Pistons and Piston Rings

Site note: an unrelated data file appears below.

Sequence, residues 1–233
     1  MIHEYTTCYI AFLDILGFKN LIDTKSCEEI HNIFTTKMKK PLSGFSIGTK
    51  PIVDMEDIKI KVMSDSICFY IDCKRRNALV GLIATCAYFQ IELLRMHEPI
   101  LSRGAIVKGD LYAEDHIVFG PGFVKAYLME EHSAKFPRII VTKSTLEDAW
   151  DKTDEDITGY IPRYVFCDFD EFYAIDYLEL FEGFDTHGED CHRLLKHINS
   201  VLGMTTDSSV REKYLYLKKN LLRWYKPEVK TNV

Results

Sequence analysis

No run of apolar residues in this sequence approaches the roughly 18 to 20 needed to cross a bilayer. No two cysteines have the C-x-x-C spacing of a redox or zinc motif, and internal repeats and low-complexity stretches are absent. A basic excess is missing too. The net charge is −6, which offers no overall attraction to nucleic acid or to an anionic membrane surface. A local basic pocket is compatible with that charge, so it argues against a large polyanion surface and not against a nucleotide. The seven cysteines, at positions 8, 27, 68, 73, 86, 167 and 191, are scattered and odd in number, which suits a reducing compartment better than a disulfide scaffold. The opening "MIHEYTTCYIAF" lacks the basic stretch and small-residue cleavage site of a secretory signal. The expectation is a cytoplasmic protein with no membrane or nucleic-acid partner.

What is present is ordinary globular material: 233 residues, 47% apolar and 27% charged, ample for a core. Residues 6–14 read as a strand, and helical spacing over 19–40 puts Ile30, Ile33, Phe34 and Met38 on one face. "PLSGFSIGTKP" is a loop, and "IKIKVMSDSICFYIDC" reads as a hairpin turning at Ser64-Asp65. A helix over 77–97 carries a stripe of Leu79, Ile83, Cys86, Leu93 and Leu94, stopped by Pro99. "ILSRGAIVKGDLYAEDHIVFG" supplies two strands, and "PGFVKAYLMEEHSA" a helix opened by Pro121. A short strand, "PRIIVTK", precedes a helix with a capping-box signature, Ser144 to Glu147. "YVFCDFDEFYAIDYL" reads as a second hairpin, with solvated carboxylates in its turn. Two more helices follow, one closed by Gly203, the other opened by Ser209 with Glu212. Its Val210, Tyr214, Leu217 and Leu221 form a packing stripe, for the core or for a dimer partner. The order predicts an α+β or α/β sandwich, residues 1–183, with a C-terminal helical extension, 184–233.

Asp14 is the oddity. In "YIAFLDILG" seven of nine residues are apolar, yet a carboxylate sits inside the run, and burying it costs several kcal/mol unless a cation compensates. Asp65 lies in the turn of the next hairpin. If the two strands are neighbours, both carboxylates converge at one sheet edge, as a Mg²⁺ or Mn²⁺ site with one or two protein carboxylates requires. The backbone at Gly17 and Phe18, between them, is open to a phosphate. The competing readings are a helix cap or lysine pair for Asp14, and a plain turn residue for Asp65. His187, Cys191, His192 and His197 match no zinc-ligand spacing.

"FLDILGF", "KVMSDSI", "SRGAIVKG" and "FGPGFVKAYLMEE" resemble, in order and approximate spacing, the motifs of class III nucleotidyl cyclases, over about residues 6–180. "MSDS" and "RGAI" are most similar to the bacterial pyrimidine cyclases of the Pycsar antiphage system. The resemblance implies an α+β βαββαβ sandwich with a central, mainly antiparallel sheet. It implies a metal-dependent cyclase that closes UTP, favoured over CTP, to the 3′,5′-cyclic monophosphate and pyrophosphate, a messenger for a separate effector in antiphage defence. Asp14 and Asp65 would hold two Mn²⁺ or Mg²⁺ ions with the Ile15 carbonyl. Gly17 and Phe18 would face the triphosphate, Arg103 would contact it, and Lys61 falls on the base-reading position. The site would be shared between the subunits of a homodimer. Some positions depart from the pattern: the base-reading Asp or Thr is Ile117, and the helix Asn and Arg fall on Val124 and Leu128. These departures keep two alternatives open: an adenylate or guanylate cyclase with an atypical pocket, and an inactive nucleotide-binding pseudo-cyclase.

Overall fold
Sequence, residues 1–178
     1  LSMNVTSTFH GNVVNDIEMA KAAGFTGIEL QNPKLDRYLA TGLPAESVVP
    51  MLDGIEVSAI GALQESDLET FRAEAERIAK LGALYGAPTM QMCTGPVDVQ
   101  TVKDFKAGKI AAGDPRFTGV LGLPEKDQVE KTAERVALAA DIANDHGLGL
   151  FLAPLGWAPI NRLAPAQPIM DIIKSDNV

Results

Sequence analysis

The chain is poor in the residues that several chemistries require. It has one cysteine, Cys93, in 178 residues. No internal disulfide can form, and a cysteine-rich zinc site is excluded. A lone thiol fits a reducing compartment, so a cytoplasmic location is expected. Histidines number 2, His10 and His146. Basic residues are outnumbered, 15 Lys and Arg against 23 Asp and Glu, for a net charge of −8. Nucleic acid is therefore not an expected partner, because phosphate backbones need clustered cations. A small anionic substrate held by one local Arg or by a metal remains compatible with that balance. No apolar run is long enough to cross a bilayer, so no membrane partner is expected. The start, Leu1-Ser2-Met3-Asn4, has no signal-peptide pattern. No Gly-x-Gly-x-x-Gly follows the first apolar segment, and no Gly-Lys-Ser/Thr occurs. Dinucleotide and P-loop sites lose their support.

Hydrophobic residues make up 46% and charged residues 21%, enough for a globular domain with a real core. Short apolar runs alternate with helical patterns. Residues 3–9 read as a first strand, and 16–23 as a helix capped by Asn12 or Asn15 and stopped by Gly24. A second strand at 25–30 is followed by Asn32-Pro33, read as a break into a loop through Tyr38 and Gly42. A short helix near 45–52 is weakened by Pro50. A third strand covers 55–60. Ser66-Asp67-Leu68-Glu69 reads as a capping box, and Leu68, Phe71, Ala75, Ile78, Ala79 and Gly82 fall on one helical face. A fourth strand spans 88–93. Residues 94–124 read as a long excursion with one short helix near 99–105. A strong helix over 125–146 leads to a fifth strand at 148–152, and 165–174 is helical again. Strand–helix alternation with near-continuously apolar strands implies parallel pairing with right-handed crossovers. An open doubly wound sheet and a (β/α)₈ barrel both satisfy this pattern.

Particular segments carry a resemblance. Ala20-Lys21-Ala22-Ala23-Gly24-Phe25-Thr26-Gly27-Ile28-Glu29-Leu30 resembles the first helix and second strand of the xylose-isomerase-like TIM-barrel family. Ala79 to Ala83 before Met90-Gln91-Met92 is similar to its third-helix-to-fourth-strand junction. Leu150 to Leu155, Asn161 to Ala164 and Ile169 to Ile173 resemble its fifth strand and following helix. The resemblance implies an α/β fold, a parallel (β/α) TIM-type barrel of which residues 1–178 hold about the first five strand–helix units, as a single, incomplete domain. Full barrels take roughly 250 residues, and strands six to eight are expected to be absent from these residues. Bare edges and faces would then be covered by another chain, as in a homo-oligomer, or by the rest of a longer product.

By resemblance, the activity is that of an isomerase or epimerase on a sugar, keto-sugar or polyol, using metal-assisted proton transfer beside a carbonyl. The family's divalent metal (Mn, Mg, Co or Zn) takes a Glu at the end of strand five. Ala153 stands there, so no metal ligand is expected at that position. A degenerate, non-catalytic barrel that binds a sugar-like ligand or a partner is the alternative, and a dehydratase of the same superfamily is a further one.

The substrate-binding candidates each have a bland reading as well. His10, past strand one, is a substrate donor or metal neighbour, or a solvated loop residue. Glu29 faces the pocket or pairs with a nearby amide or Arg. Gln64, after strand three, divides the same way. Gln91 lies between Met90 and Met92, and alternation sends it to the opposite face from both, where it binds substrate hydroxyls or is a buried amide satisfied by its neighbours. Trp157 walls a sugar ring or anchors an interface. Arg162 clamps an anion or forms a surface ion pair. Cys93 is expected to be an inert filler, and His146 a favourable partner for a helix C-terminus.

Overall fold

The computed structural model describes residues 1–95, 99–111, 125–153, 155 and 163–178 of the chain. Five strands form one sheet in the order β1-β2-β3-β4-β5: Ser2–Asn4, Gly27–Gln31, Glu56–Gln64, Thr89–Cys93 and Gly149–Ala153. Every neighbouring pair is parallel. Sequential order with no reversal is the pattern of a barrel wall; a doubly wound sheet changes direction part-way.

The piston is the moving part, housed inside the cylinder and connected through the piston to the connecting rod, which acts as a true moving wall of the combustion chamber and which, with its movement, provides to retrieve the air-fuel mixture from the outside, to compress it,  then to receive the pressure of the expanding gas and finally to expel the exhaust gases from the cylinder. It also leads the connecting small end rod and absorbs the lateral thrust caused by the inclination that during the crankshaft rotation, the connecting rod itself takes. Between the piston and the cylinder there is a small diametral clearance, which is essential to allow free movement of the piston itself and to allow the formation of an adequate oil film. The seal between these two components is ensured by some rings, one of which removes the oil from the barrel walls, that otherwise would end up in the combustion chamber. The pistons are cast from aluminum alloy and are obtained by gravity casting.The pistons used in racing and in some highly stressed engines are obtained by forging (hot stamping). The part of the piston summit is called head while the one below the housings for the bearings which provides to drive the piston within the cylinder liner takes the name of skirt. Many modern pistons have a very laterally flared skirt (in the areas of the connecting rod portal) in order to decrease the weight and to limit the friction against the liners. In many engine series the piston is of the type with controlled dilatation, with steel inserts (with low thermal expansion coefficient) melted in the aluminum alloy.